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New Research on Palliative Care

New Research on Palliative Care

New research conducted at the University of Leeds’ Academic Unit of Palliative Care and funded by the charity Yorkshire Cancer Research, showed that a longer duration of palliative care is associated with fewer emergency hospital admissions and fewer hospital deaths. Also, patients that are in an advanced stage of cancer have a better quality of life in their last weeks if they receive early access to palliative care.

What palliative care aims to do is make patients as comfortable as possible by providing psychological and social support and by managing pain and other distressing symptoms.

Previous studies have shown that palliative care intervention is associated with an increased proportion of deaths at home and a reduction in emergency admissions. However, no study has investigated when and for how long patients need access to this care in order to receive quality of life benefits, said lead author Dr Lucy Ziegler from Yorkshire Cancer Research Academic Fellow.

The research was published in BMJ Open and is the first one of its kind in the UK. The study collected data from 2,479 adults that died from cancer between January 2010 and February 2012 in Leeds, looking into the specific moment they had accessed palliative care and how it affected their quality of life.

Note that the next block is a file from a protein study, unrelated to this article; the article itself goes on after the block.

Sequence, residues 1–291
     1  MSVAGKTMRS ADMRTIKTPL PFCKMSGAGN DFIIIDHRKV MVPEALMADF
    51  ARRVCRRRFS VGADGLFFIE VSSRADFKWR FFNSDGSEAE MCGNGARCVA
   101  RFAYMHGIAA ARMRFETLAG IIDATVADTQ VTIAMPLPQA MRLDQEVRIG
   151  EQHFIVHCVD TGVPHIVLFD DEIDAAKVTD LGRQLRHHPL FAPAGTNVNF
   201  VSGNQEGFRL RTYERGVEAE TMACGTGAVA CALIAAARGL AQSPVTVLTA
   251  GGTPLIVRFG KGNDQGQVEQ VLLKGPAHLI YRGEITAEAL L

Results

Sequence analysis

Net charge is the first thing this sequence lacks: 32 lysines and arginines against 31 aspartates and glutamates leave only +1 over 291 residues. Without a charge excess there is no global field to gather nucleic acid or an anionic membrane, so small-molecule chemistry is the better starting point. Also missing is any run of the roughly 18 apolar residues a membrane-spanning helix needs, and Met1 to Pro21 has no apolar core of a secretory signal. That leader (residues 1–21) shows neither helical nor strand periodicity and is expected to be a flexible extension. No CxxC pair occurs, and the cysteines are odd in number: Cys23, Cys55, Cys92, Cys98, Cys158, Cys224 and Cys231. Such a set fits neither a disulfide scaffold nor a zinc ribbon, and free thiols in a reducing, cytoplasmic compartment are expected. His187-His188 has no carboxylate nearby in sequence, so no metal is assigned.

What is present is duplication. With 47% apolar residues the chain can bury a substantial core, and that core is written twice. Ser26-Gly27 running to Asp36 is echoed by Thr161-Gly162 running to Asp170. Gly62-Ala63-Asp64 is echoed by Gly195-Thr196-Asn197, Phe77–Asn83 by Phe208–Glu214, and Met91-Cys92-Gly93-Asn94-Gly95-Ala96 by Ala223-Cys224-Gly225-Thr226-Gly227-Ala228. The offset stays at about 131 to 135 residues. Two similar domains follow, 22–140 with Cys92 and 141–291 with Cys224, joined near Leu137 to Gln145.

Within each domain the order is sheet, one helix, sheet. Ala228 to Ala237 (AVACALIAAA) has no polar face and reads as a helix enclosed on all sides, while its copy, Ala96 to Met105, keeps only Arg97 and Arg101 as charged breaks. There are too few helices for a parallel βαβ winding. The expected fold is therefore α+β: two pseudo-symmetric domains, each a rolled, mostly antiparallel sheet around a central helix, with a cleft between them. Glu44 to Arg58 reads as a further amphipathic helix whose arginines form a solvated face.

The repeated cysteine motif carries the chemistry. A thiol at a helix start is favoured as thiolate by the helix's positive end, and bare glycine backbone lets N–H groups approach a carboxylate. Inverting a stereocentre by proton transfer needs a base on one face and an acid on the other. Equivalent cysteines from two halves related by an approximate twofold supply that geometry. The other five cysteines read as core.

Our research shows that for those with advanced cancer, access to palliative care and longer duration of care is significantly associated with better end of life quality indicators. Our study provides new evidence to support the early integration of palliative care for cancer patients, explained Dr Lucy.

The study found that out of the 2,479 patients, 64.5% accessed palliative care support, which was mainly received by young people or females. Those suffering from gastrointestinal cancers were significantly more likely to receive palliative care, while those with lung cancer or cancers of the central nervous system were significantly less likely to try it. Having access to palliative care was also associated with being twice more likely to obtain strong opioids for pain relief.

This research proves how important palliative care is for patients in an advanced stage of cancer and further investigation will be carried out by Yorkshire Cancer Research, which has recently announced a £1.3 million investment in a palliative care programme.

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